Living on the precipice between time and eternity can be a profoundly traumatic experience for all of us. And no doubt some of us have had that experience. Certainly, Dostoyevsky had that experience, as he describes in his own journal about one life experience that changed him for the rest of his life. He narrates that he was a young rebel in the Tsar’s army and he and his group of companions were caught in their conspiracy. They were arrested and brought before the firing squad. They knew they only had a few minutes as they waited blindfolded, ready to be shot and killed. And in that brief moment his buddy beside him whispered to him from now I will simply be a speck of dust. He somehow sensed that he was stepping into non-time and that he would become nothing. Dostoyevsky, as a Christian, was thinking differently: in a moment of time I will go to be with my maker. And so he trusted that there was still a bridge across into the eternal.
If ever there was a conflict between immanence and transcendence, it was this moving experience that Dostoyevsky and his companions were facing with. And then, to the astonishment of the group, an officer galloped forward and said there’s been a reprieve from the Tsar—you’re all free. They weren’t shot. Well, you can imagine that shakes you up for the rest of your life. And so the great profundity with which Dostoyevsky became such a great novelist is because he had such a deep experience of a response to immanence and transcendence. He was so near the brink of the abyss into non-being, into non-time. So for Dostoyevsky the end of his history was very close.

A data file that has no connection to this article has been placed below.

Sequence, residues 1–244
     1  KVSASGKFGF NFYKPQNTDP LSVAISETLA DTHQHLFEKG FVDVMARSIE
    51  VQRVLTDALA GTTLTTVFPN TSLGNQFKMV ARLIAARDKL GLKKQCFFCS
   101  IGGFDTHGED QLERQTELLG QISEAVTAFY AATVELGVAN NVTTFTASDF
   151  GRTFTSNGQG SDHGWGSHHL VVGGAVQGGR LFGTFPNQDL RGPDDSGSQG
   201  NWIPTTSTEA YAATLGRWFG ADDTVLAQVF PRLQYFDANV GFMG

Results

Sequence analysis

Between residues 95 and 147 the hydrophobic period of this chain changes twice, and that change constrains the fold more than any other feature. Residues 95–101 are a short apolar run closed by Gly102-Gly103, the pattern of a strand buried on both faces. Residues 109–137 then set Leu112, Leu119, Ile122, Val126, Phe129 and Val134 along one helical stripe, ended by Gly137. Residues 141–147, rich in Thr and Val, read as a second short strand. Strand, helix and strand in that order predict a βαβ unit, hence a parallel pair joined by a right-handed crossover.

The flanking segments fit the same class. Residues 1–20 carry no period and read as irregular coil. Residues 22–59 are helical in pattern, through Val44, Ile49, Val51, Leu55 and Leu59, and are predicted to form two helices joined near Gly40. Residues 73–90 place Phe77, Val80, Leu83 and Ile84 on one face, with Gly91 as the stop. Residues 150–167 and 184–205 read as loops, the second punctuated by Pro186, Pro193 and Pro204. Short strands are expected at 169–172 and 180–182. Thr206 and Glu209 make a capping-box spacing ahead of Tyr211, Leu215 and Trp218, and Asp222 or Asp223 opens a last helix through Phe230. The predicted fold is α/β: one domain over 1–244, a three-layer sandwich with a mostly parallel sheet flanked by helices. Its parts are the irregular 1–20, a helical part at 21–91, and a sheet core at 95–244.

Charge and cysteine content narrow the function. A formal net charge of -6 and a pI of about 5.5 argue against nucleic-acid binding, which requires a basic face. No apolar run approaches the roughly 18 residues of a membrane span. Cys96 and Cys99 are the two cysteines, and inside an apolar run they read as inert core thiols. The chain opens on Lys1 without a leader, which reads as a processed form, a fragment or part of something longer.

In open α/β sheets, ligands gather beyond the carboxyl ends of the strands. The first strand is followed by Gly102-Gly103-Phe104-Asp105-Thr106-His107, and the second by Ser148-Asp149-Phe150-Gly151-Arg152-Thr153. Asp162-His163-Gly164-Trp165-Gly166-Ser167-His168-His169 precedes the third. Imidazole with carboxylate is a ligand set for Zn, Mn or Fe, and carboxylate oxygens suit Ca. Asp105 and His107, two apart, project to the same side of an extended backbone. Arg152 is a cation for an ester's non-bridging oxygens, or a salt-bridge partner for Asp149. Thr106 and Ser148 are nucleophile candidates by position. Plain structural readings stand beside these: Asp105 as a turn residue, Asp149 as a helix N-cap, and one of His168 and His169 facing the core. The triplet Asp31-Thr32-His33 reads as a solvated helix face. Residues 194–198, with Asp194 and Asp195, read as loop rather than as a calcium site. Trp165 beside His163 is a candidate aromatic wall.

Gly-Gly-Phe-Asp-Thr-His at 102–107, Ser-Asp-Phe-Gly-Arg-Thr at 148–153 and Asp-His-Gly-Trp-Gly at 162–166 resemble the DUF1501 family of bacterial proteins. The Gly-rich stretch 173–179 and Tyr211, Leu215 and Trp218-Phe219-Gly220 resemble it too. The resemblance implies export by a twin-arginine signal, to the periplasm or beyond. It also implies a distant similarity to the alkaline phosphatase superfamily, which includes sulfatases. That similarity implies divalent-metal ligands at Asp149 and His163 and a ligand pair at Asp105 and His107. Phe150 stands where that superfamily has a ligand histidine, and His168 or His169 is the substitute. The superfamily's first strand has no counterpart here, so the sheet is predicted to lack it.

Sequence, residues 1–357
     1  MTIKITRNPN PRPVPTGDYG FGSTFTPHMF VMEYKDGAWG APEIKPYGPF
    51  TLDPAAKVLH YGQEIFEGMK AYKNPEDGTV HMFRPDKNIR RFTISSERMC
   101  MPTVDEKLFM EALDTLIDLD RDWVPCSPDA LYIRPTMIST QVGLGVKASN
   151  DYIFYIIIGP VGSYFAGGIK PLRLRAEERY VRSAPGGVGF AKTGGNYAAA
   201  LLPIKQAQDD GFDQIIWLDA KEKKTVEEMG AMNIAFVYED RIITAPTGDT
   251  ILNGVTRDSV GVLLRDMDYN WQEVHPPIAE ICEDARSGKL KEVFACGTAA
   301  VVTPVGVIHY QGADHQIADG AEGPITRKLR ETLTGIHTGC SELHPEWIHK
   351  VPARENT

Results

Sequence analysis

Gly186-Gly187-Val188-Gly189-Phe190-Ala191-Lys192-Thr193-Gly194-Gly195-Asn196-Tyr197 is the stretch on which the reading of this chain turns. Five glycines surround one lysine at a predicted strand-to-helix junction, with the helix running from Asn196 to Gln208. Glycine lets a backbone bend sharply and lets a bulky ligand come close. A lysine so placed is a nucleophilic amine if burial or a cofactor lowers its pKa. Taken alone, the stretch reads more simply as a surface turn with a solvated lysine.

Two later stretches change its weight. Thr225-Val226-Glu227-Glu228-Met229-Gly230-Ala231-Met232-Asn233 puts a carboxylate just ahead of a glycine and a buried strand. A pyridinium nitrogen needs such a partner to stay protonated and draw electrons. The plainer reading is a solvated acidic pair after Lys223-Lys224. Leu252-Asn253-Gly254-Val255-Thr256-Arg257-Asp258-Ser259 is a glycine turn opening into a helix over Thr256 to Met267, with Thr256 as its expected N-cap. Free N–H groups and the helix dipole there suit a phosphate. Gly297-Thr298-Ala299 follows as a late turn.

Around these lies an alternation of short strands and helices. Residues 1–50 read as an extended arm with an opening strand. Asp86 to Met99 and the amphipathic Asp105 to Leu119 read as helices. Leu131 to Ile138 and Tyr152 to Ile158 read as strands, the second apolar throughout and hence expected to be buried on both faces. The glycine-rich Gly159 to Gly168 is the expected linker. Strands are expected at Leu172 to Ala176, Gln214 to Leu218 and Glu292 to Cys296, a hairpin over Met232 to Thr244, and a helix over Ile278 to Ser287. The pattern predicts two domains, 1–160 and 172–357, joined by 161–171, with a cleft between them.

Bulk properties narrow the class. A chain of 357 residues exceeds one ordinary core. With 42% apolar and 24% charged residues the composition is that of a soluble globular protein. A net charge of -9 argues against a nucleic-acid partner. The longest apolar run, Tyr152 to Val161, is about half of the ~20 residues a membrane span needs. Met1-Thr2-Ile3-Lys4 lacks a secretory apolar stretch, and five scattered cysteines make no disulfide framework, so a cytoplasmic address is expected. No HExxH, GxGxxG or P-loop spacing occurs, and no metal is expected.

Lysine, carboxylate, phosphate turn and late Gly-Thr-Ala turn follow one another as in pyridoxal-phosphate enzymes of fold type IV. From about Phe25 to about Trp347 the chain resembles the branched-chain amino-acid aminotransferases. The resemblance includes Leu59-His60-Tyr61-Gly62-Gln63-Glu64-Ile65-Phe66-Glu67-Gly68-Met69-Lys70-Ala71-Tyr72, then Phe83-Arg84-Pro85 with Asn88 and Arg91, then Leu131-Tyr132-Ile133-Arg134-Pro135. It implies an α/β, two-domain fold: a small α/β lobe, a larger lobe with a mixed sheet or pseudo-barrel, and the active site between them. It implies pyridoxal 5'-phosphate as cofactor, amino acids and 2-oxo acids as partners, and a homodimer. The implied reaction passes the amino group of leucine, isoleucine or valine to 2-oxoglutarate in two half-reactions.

But in that dualism of living in time, living in the foreground of one’s humanity and then stepping beyond death into the unknown is for so many in our Western world today so intolerable when they only live with immanence. One of the things that is obvious today is that our immanent society is no longer interested in cemeteries. After death, is cremation. I’m now dust. I’m just in a small jar. And the second step is well, if I’m only in a small jar, why not just forget about me? And so there’s an increasing interest in the anonymity of death. There’s no need for a memorial stone. There’s no need for a grave site. Where my wife is buried, there are only a very, very few gravestones and they’re mostly by Christians. All the rest are just simply a lawn and in that lawn there are markers, but the markers are almost disappeared. And that’s our contemporary understanding of a cemetery.